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Top executives from Facebook, Google and Apple heaped praise on Europes revamped data protection standards Wednesday, just as these companies face ever tighter scrutiny over privacy and the prospect of similar restrictions in the United States.

Apples Tim Cook — the only U.S. CEO to appear in person — spoke in the strongest terms, calling for a federal U.S. privacy law to match Europes General Data Protection Regulation, and warning about the rise of a “data industrial complex” that would work against regular people.

“Our own information, from the everyday to the deeply personal, is being weaponized against us with military efficiency,” he told a conference of privacy professionals in Brussels.

Appearing via video link, Facebooks Mark Zuckerberg and Googles Sundar Pichai also heralded the advent of privacy legislation, though in less explicit terms, while acknowledging the challenge of “getting privacy right” on their global platforms.

“If people dont trust us, then they wont use us,” said Zuckerberg, whose last personal appearance before European lawmakers in Brussels misfired, after his social network allegedly mishandled the data of up to 87 million users by handing the information over to Cambridge Analytica.

“Changes in European law doesnt change the pressure on the FTC” — Noah Phillips, U.S. federal trade commissioner

Yet the show of support for Europes privacy law conceals vast differences in how the United States and Europe conceive of privacy, as well as between many of Silicon Valleys biggest names.

Cooks warning about the “data industrial complex” and calls for U.S. laws was far more pointed than statements from the Facebook or Google bosses, whose business models largely rest on harvesting vast amounts of personal data.

Noah Phillips, a U.S. federal trade commissioner, acknowledged that the onset of Europes new privacy standards has triggered a debate about privacy in the United States. “GDPR has certainly had an impact on the national conversation in the U.S.,” he told POLITICO.

“Its as robust a conversation weve had on this issue certainly for a long time,” he added. “But changes in European law doesnt change the pressure on the FTC.”

Industry watchers and data protection campaigners questioned the firms motivations| Chip Somodevilla/Getty Images

A series of privacy scandals concerning Facebook and Google — who use peoples data to target them with digital advertising — are sharpening consumers interest in privacy on both sides of the Atlantic.

Authorities in Europe and the United States are carrying out investigations into potential misuses of personal data, a target that senior executives chose not to emphasize on Wednesday.

Googles Pichai said the search giant — which suffered its own data leak earlier this year — is offering its users a greater say over what data the company collects. He added that Google is now advocating for comprehensive privacy principles across its digital services.

“Getting privacy right requires careful consideration of the hard issues that come up every day,” he said.

Legislate, then add water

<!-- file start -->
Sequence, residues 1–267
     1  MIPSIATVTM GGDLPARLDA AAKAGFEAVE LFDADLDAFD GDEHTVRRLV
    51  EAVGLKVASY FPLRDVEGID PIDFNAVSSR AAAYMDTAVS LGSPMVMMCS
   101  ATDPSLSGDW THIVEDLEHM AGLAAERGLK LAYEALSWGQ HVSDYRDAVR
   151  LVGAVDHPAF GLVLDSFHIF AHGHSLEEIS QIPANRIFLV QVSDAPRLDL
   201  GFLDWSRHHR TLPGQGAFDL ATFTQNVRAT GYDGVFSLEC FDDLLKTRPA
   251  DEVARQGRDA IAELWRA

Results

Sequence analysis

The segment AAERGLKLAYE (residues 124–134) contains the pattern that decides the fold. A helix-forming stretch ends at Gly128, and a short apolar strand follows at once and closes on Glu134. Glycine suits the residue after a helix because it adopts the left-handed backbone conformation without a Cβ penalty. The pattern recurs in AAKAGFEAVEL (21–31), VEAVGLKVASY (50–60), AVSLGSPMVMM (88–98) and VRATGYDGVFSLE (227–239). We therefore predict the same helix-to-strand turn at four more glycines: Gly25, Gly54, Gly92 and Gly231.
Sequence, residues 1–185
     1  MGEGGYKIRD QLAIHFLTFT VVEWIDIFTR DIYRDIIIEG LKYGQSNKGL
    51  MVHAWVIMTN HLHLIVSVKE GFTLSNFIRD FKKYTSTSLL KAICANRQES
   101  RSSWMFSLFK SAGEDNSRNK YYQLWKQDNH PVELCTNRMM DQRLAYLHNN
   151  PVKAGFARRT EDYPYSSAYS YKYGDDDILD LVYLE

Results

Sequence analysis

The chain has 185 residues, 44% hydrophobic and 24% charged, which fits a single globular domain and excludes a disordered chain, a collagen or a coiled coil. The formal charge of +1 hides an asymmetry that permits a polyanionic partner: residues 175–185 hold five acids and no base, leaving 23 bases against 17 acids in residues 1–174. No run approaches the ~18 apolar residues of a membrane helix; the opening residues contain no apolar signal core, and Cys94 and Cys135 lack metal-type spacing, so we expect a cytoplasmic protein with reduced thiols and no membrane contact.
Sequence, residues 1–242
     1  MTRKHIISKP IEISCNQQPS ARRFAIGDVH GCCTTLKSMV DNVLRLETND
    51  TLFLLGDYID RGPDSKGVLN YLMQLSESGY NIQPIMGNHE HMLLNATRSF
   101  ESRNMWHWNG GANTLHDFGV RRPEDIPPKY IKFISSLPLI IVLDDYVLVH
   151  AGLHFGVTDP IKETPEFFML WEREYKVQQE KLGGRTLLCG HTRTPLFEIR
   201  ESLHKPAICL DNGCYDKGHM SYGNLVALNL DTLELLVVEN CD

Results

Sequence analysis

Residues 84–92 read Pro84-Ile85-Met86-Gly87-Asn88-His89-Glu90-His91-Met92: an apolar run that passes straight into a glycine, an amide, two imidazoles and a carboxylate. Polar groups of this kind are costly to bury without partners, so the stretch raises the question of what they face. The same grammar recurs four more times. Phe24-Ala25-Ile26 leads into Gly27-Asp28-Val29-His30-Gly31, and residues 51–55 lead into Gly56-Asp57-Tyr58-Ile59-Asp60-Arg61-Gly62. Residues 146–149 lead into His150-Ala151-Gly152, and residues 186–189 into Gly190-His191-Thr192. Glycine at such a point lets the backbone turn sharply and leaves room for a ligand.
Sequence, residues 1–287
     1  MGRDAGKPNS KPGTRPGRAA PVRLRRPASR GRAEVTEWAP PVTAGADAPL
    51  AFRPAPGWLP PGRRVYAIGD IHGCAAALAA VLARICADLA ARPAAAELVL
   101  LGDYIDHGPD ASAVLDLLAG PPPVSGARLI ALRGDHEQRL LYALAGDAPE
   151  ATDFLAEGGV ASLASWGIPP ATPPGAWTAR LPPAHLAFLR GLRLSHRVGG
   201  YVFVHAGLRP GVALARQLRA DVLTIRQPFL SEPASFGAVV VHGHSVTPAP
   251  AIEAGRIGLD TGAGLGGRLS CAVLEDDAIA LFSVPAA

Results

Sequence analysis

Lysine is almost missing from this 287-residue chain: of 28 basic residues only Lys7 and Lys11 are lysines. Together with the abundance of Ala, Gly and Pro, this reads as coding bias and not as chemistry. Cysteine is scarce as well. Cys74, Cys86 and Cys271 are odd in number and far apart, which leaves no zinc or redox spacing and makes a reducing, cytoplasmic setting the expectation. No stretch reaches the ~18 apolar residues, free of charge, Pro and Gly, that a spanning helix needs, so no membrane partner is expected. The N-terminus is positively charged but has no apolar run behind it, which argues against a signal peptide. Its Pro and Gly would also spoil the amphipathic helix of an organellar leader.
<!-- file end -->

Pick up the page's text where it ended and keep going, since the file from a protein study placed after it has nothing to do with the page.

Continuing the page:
While tech executives promoted their privacy credentials, industry watchers and data protection campaigners questioned the firms motivations amid a growing regulatory push worldwide to pass new legislation.

“A year ago, their playbook was self-regulation,” said Alastair Mactaggart, a campaigner who helped to pass Californias recent privacy regulation, in reference to the tech companies. “But now, they want a federal law that is weak.”

Beyond Europes revamped privacy rules, which came into force at the end of May, countries from Brazil to Japan have similarly proposed new data protection standards, while U.S. lawmakers — after a series of setbacks — are again starting to consider federal rules.

For firms like Facebook and Google, ensuring ongoing access to data remains key amid the global overhaul of data protection standards.

Amid this privacy push, some tech companies are quickly changing their tune, with some advocates warning that these firms are now in favor of new legislation so that they can lobby to water it down as much as possible.

Not surprisingly, tech officials disagree. They claim that their existing privacy standards offer people sufficient protections, and that by collecting individuals information to power online advertising, they can offer users free services that otherwise would not be available.

Whats complicating the debate, though, is that different tech companies often have contradictory goals, depending on their business models.

For firms like Facebook and Google, ensuring ongoing access to data — even with greater privacy protection for their users — remains key amid the global overhaul of data protection standards.

But for companies like Apple, whose main income generator is selling smartphones and other digital devices rather than collecting peoples information, stronger data protection rules would not affect their underlying business.

“After Cambridge Analytica, privacy is suddenly being discussed everywhere,” said Tim Berners Lee, the inventor of the world wide web.

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